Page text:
• For girls, regular pelvic ultrasounds if ovarian fibromas are found in the initial test
  • Annual genetics evaluation
  • Regular psychological examinations for emotional health

Recommended monitoring for adults with Gorlin syndrome:

  • An MRI of the brain if symptoms are found in the baseline test
  • A digital panorex of jaw done annually or more often if KCOTs are present

    KCOTs require regular monitoring by a qualified dentist to avoid teeth and jaw complications

  • Skin examinations by a dermatologist every four months or more frequently if there are BCCs present
  • Regular spine MRIs if there is presence of scoliosis
  • Annual hearing, vision and speech evaluations
  • Cardiac ultrasounds if heart symptoms are found in the baseline test
  • For women, regular pelvic ultrasounds if ovarian fibromas are found in the initial test
  • For women, regular gynecologic health checks
  • Annual genetics evaluation
  • Regular psychological examinations for emotional health
  • Annual nutritional assessment
  • Annual neurology evaluation if prior medulloblastoma

Regular surveillance of the signs and symptoms of Gorlin syndrome helps health care providers catch changes early and work with the individual affected to develop an appropriate care plan based on symptoms and manifestations.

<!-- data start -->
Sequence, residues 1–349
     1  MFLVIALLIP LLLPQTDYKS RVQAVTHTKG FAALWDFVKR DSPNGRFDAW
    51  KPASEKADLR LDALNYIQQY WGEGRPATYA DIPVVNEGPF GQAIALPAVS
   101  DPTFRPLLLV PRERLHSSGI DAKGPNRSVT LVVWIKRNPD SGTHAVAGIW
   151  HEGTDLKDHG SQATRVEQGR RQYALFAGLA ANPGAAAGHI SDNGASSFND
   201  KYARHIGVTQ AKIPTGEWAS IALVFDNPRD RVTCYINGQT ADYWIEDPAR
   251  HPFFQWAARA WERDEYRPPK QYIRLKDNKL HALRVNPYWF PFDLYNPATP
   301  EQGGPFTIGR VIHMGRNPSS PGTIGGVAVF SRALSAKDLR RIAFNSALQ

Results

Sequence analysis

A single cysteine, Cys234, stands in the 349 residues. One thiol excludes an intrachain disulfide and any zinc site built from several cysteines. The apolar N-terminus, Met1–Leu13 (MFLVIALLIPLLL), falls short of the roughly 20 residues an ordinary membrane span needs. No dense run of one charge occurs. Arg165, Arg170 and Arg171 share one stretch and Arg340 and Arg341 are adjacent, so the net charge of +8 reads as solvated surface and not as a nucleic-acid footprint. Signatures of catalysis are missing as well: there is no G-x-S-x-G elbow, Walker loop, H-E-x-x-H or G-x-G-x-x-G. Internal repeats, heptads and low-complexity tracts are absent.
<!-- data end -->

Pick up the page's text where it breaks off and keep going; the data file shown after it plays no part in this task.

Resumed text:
Treatment

kcots jaw cysts

Regular visits to a dentist can help spot and treat KCOTs early.

Many symptoms of Gorlin syndrome generally do not require treatment. Other symptoms such as ovarian fibromas, warrant close monitoring and possible treatment. Still others such as BCCs and KCOTs, must be treated or they will significantly impact health if allowed to grow and multiply.

Different signs and symptoms of Gorlin syndrome require different treatment approaches. Treatment often requires the coordination of a team of health care providers including specialists in dermatology, cardiology, plastic surgery, ophthalmology and oral surgery.

Learn more about specific treatment options for: